I hesitate to record this particular incident. Not because there’s anything either wrong or strange about the detail. But it is nonetheless mildly embarrassing. Here it is in a nutshell. Immediately following brunch with friends on Anna Maria Island, on our way home through Bradenton Beach we detoured across the bridge at Cortez to Tide Tables for lunch!
Casual seafood eatery overlooking the Intracoastal Waterway, with a marina & outdoor tiki bar.
Tide Tables is an instantly settling place, unpretentious and inviting. The hostess was an older woman comfortably clad with a recognizable mobility issue of one leg – oddly characteristic of a one-legged seafaring dog. Her hearty and welcoming first words arrested the foundation of the place. As I later discovered when going inside to purchase a jersey (to shield me from the moderately cool wind buffeting where we sat outside at the bar) the entire staff excels in kindliness – and even one might be inclined to say, a tolerable degree of mendacity. More than one of them commented how agreeable my new acquisition made me look. I put it down to retail charm, nothing more.
Of less questionable constitution was the gumbo soup. I suspect “gumbo” is the beanery equivalent of the French “gibelotte“, basically a cheap stew of fish and leftovers. Considering the many other ingredients on the menu – ranging from conch fritters to Grouper to hamburgers – this is no small compliment to the chef. The addition of some hot sauce makes for an enterprising starter! While on the subject of the food, I mustn’t overlook the Florida classic Key Lime pie. As a devotee of Key Lime pie I can speak with considerable assurance when I say that this obviously homemade concoction is among the best and most authentic I’ve had – simple but direct upon all the buttons (lime, condensed milk, Graham crackers crumbs and whipped cream).
To me it was impossible to escape the traditional flavour of the atmosphere as well. Over 44 years ago I first visited Key West, flying first from Canada to Miami, then by Air Casablanca from Miami to Key West where we landed within fifty feet of the terminal. Everything about Key West at that time was quaint and infinitely tropical (by which I mean immediately tranquillizing and soothing). Though Pier House and the Waldorf-Astoria hotels in those days would certainly have promoted a semi-elegant atmosphere, the predominance of places we visited (and could then afford) were indisputably of a more Bohemian character. This in no way diminished the experience; and in fact propelled it beyond expectation.
Though there was naturally Key Lime pie even forty years ago – and I had enough of it to recall – the salient feature as with any other adventure was the people. To a less generous degree today at Tide Tables the salient features of the Key West experience were repeated. I am perhaps more greatly aware of the episode because by comparison we spend most of our time on Longboat Key which is manifestly more structured and polished than Tide Tables. It was therefore invigorating to return so immediately to the ambience of Key West. Here on Longboat Key we obviously share the allure of the “Keys” or what I suspect was formerly called the “Cays”.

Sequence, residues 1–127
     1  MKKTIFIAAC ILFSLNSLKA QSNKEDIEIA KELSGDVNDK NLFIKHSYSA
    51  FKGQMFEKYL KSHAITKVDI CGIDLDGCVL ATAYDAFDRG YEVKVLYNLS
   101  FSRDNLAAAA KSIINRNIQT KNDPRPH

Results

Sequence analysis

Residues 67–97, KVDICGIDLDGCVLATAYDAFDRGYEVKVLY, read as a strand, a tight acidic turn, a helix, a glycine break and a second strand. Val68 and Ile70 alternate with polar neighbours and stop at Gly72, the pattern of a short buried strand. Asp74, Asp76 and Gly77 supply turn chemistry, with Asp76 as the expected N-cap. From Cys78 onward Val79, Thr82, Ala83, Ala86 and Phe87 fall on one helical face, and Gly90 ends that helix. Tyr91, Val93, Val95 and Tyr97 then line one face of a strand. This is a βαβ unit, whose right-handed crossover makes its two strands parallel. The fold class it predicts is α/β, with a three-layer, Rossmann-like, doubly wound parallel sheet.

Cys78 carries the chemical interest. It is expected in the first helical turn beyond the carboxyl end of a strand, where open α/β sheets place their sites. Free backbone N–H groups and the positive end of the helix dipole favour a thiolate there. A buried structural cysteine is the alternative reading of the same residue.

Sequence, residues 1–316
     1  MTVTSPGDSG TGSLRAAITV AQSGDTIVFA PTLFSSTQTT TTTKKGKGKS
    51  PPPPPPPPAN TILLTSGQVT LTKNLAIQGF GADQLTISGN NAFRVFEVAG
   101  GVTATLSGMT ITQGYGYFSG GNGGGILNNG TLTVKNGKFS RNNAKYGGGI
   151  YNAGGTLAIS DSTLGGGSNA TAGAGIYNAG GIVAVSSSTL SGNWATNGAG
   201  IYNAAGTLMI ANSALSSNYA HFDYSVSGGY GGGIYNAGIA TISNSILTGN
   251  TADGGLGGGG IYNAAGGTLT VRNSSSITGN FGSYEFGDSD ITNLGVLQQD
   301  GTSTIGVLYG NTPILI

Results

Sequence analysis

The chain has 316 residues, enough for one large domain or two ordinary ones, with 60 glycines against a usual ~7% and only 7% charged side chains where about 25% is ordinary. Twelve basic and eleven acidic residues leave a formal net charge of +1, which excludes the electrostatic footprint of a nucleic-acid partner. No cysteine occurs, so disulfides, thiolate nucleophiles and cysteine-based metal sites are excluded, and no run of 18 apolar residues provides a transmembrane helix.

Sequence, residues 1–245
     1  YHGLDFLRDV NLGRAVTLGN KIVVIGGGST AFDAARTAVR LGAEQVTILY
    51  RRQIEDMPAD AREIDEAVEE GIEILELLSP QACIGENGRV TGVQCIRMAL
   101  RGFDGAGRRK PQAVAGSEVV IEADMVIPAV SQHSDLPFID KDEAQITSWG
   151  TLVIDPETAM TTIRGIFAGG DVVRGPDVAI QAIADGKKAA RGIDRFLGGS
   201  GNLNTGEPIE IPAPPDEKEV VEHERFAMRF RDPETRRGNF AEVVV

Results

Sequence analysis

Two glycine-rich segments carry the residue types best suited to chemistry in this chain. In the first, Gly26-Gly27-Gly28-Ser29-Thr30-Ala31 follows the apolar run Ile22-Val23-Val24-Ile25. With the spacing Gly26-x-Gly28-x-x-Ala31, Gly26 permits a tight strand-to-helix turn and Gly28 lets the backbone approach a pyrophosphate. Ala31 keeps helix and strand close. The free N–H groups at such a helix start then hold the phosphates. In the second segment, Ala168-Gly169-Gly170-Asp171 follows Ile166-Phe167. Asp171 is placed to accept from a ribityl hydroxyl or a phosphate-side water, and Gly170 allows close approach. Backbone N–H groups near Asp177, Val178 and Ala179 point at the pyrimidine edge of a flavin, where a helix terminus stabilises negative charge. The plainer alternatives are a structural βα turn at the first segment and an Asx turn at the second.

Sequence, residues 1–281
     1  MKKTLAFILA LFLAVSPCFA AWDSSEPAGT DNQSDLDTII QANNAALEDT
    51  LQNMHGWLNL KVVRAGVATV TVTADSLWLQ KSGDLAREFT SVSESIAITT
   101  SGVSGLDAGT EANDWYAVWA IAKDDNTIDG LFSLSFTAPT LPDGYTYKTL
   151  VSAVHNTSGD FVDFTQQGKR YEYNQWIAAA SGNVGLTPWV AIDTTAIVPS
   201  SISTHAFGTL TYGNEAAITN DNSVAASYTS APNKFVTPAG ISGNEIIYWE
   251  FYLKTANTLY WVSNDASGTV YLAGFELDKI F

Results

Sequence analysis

A cay ( or ), also spelled caye or key, is a small, low-elevation, sandy island on the surface of a coral reef. … An island or isle is any piece of sub-continental land that is surrounded by water. Very small islands such as emergent land features on atolls can be called islets, skerries, cays or keys.
The main difference between Cay and Island is that the Cay is a small island formed on the surface of a coral reef and Island is a sub-continental land that is surrounded by water.
I have heard people here refer to Key Largo for example as part of the “southern Keys” which I interpret as a deliberate extension of the term “Keys” to embrace what I call the barrier islands along the northern coast of Gulf of Mexico. Normally the Florida Keys include only Key Largo, Tavernier, Plantation Key, Islamorada, Layton, Duck Key, Marathon, Big Pine Key, Cudjoe Key, Sugarloaf Key and Key West. I am especially reluctant to accept the denomination of southern Keys because next year when we winter on Key Largo I have every intention of augmenting the singularity of our resort! Though we here have the emerald water for which the Gulf of Mexico is notorious, once one descends below the Everglades the water transforms to an unmistakeable turquoise. As well there is the price to pay of the evaporation of beaches coincident with the percolation of the adjoining coral reef but it is an incident with which at my age I am totally comfortable.